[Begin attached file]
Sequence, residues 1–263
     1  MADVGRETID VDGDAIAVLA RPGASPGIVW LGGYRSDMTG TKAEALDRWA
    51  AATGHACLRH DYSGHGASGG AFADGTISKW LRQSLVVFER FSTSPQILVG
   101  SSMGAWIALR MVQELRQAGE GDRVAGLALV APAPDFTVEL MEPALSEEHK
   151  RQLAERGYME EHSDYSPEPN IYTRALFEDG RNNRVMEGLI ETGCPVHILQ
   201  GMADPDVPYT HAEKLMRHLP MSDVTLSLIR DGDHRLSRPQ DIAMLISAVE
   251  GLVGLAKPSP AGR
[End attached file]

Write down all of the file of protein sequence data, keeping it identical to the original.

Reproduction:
Sequence, residues 1–263
     1  MADVGRETID VDGDAIAVLA RPGASPGIVW LGGYRSDMTG TKAEALDRWA
    51  AATGHACLRH DYSGHGASGG AFADGTISKW LRQSLVVFER FSTSPQILVG
   101  SSMGAWIALR MVQELRQAGE GDRVAGLALV APAPDFTVEL MEPALSEEHK
   151  RQLAERGYME EHSDYSPEPN IYTRALFEDG RNNRVMEGLI ETGCPVHILQ
   201  GMADPDVPYT HAEKLMRHLP MSDVTLSLIR DGDHRLSRPQ DIAMLISAVE
   251  GLVGLAKPSP AGR